Separating social services from New Jersey’s premier Tourism District in Atlantic City is taking a lot of time and requiring considerable patience. That’s understandable, since multiple agencies and nonprofits are involved, and the state is appropriately acting with carefulness and compassion.
Seven years ago in a guest commentary on these pages, the late state Sen. Jim Whelan made the need for such action obvious to all, saying in part, “Atlantic City cannot be the economic engine for the region with an economy based on tourism if it is the premier site of social agencies that serve the homeless.”
In 2015, the city and the state Casino Reinvestment Development Authority acquired the location of the John Brooks Recovery Center for more than $8 million as part of a successful plan to relocate it to Pleasantville. City Council last year voted to relocate a needle exchange program, which is still being worked out.
More challenges remain before Whelan’s vision is fulfilled. Commenting this year on people in need who flock to the city’s main Pacific and Atlantic avenues for assistance, many of them out-of-towners, City Council President Marty Small Sr. said, “We don’t want our streets to look like this anymore. … We need drastic change.”
The effort to relocate a soup kitchen that has operated in the city for most of the casino era shows even well-planned efforts can stumble.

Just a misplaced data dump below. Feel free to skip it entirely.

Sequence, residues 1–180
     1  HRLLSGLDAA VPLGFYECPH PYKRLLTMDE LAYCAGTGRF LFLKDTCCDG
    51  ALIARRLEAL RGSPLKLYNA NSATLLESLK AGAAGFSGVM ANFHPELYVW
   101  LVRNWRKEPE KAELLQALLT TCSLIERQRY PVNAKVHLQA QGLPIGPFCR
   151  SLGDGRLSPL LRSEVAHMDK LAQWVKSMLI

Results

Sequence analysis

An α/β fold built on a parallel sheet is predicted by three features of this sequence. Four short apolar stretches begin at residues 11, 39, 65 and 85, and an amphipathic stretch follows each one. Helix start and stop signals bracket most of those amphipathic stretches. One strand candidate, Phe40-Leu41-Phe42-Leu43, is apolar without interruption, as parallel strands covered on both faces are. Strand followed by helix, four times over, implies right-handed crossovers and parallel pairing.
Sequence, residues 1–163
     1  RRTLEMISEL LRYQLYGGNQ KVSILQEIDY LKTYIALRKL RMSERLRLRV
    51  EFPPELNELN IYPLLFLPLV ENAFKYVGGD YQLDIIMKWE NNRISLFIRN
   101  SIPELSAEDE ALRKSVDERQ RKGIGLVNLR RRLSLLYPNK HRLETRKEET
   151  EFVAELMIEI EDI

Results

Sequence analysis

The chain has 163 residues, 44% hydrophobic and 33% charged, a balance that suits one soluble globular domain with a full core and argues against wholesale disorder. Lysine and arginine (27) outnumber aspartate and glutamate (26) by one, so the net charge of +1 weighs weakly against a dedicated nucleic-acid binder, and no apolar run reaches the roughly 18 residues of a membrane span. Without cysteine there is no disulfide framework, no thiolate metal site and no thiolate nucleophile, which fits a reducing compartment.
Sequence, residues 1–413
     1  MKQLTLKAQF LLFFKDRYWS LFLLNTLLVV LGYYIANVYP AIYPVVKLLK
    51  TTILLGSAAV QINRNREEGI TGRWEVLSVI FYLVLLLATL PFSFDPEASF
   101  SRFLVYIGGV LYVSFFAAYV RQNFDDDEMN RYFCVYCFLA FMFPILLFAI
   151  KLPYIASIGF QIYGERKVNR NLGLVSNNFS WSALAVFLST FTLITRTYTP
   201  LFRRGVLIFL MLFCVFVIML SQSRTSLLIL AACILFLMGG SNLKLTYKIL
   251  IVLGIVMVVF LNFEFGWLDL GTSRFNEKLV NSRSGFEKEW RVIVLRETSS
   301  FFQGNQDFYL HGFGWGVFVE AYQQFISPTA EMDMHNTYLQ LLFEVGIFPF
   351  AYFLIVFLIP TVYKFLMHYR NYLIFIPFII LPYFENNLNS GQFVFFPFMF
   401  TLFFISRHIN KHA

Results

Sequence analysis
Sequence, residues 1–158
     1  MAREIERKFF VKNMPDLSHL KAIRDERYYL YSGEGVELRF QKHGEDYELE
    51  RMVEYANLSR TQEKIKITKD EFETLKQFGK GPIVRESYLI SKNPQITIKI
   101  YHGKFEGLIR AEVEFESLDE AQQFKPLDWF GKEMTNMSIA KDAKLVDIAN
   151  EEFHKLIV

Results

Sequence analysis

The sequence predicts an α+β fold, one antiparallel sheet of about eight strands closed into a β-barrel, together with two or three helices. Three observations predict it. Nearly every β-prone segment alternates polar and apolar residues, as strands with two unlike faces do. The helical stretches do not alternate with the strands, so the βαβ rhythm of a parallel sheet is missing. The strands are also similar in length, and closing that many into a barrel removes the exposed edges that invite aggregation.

The CRDA agreed to fund $1 million in renovations to a new location outside the Tourism District bought by Sister Jean’s Kitchen in 2017. But it turned out renovating the building would cost much more, and the plan fell through. Then in February, the soup kitchen’s existing location, damaged by Hurricane Sandy and deteriorating since, was declared unsafe and closed. The Atlantic City Rescue Mission and the Salvation Army Atlantic City Corps have provided food assistance to offset the soup kitchen’s loss.
Recently, the CRDA voted to reimburse Sister Jean’s up to $300,000 for what it spent on the building that later turned out to be an unsuitable relocation site. Prudently, the authority retains a lien on that property which, if the nonprofit sells it, would allow it to recover some or all of its reimbursement.
Perhaps the state has gone out of its way to be fair and appropriate in reimbursing Sister Jean’s, but that’s fine. This clears the path for the nonprofit to find another, more suitable location outside the Tourism District.
The problem is not only that tourism and such afflictions as homelessness and drug addiction don’t mix. It’s also that many New Jersey municipalities prefer to see people in need go to inner cities instead of providing services to them. They shamefully have often provided one-way bus tickets to be rid of them.
The Tourism District must cease to be a place that draws people in need because that’s where the social services are located. It is unfair for Atlantic City to bear a greatly disproportionate share of addressing homelessness, substance abuse and poverty in New Jersey. And it cheats the region’s economy and the state itself to misuse the state’s top tourism destination for such purposes.